Germany’s E.ON-Energie AG was fined €38 million ($56 million) Wednesday by the European Union for a broken seal across an office door that was affixed during an antitrust investigation.
The European Commission said the broken seal meant E.ON, the electricity unit of the German energy giant, had the chance to remove documents after a May 29, 2006 surprise raid -- although it could not prove that E.ON had deliberately tampered with the seal or removed anything. The fine is on top of penalties E.ON could still face from a probe into market abuse in Germany. “This decision sends a clear message to all companies that it does not pay to obstruct the Commission’s investigations,” said Neelie Kroes, the EU’s antitrust chief. Regulators fixed the seal to the door to make sure none of the highly sensitive documents they wanted to examine could be removed overnight. When regulators returned the next day, the word “Void” appeared along the plastic seal and glue was found around it, indicating that someone had removed the tape and tried to put it back.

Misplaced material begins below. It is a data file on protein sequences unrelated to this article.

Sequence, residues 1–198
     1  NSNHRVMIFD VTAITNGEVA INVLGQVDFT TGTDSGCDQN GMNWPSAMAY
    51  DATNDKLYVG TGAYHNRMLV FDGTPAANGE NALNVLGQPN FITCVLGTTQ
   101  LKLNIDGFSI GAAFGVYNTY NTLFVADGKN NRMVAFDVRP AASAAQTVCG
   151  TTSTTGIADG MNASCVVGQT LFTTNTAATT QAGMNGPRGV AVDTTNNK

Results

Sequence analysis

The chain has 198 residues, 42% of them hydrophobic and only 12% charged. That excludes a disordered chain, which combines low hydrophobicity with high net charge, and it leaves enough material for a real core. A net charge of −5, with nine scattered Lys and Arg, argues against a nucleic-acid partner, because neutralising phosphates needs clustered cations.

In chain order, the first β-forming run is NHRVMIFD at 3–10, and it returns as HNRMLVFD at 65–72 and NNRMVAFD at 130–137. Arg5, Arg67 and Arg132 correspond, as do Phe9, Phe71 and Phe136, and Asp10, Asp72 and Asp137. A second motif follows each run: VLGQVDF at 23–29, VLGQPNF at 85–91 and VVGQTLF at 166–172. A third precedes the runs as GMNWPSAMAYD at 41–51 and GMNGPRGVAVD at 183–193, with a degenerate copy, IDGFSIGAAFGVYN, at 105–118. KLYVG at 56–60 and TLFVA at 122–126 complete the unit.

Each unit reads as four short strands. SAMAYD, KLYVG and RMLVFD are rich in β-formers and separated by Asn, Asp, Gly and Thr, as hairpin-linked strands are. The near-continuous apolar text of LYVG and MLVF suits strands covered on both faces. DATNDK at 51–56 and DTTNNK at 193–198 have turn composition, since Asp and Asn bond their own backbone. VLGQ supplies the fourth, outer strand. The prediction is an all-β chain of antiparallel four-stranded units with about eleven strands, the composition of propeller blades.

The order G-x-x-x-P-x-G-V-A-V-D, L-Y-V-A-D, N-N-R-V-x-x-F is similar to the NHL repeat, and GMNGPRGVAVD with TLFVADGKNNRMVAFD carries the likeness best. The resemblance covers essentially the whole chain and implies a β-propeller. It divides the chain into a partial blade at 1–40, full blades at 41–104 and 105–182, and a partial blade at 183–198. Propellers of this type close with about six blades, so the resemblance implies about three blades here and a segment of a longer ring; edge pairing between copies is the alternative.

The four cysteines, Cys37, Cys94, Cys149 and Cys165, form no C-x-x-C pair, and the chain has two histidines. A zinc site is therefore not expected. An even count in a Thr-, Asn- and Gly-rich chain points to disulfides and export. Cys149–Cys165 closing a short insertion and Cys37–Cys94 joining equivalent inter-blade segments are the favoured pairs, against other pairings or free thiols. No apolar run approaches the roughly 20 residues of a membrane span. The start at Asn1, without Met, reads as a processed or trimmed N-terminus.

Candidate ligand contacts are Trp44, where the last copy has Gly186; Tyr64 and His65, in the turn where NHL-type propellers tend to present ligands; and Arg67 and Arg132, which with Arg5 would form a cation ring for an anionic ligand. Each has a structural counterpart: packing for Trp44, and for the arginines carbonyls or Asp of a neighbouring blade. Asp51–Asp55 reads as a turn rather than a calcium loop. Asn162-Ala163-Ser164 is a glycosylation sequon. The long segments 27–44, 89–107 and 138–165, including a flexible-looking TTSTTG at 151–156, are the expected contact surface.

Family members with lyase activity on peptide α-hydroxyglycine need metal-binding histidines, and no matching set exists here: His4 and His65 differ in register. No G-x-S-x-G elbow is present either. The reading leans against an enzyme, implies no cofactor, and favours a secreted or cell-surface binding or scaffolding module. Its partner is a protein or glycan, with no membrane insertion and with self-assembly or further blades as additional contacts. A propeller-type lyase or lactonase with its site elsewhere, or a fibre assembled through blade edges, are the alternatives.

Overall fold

E.ON denied breaking the seal, arguing that EU officials had the only office key. The European Commission said it later found there were 20 keys for employees. The company claimed that the seal could have been disturbed by a cleaning product, high humidity, vibrations or that it may have been old and faulty. The EU rejected those theories. “Both the manufacturer of the seal and the independent expert who tested the Commission’s original seals confirmed that the state of the seal as found in the morning of May 30, 2006 cannot be explained by any other reasons than by a breach of the seal,” it said.
It was the first time EU investigators have come across a broken seal during a probe and the first time they have fined a company for it. E.ON, the world’s largest investor-owned utility, reported Q3 profits last month of $1.97 billion. (Businessweek)